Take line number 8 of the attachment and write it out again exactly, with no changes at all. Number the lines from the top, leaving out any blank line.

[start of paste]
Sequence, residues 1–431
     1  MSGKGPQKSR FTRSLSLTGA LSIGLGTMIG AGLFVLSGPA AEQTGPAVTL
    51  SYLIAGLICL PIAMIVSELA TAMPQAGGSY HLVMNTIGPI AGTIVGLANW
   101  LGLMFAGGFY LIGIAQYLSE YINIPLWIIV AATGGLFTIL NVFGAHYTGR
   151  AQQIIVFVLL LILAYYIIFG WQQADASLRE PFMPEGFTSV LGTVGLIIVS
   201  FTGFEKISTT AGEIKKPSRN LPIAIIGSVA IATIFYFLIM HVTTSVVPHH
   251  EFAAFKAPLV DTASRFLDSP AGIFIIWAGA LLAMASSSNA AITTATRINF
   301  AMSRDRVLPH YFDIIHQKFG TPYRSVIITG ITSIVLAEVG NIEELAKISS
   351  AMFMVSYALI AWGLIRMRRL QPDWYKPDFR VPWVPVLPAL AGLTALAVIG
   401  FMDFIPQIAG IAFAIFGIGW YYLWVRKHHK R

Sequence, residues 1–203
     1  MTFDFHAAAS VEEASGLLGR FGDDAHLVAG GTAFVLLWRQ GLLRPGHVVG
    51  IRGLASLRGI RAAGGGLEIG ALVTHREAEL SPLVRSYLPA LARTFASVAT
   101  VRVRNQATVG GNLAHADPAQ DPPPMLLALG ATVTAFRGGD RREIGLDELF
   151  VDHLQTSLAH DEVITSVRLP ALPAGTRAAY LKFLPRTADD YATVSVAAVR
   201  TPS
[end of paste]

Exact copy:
   301  AMSRDRVLPH YFDIIHQKFG TPYRSVIITG ITSIVLAEVG NIEELAKISS